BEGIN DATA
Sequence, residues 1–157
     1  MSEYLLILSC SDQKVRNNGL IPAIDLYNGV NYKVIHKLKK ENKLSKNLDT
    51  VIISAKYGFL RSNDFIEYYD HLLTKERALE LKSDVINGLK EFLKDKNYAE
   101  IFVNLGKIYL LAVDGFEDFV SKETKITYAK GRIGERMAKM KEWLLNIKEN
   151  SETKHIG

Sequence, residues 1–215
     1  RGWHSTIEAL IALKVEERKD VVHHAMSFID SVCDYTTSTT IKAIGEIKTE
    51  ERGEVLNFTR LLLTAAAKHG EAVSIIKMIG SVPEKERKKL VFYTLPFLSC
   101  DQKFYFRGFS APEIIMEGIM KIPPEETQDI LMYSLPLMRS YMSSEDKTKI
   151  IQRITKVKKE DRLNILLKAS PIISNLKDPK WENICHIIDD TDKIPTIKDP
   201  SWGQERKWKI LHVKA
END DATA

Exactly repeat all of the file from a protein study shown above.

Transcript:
Sequence, residues 1–157
     1  MSEYLLILSC SDQKVRNNGL IPAIDLYNGV NYKVIHKLKK ENKLSKNLDT
    51  VIISAKYGFL RSNDFIEYYD HLLTKERALE LKSDVINGLK EFLKDKNYAE
   101  IFVNLGKIYL LAVDGFEDFV SKETKITYAK GRIGERMAKM KEWLLNIKEN
   151  SETKHIG

Sequence, residues 1–215
     1  RGWHSTIEAL IALKVEERKD VVHHAMSFID SVCDYTTSTT IKAIGEIKTE
    51  ERGEVLNFTR LLLTAAAKHG EAVSIIKMIG SVPEKERKKL VFYTLPFLSC
   101  DQKFYFRGFS APEIIMEGIM KIPPEETQDI LMYSLPLMRS YMSSEDKTKI
   151  IQRITKVKKE DRLNILLKAS PIISNLKDPK WENICHIIDD TDKIPTIKDP
   201  SWGQERKWKI LHVKA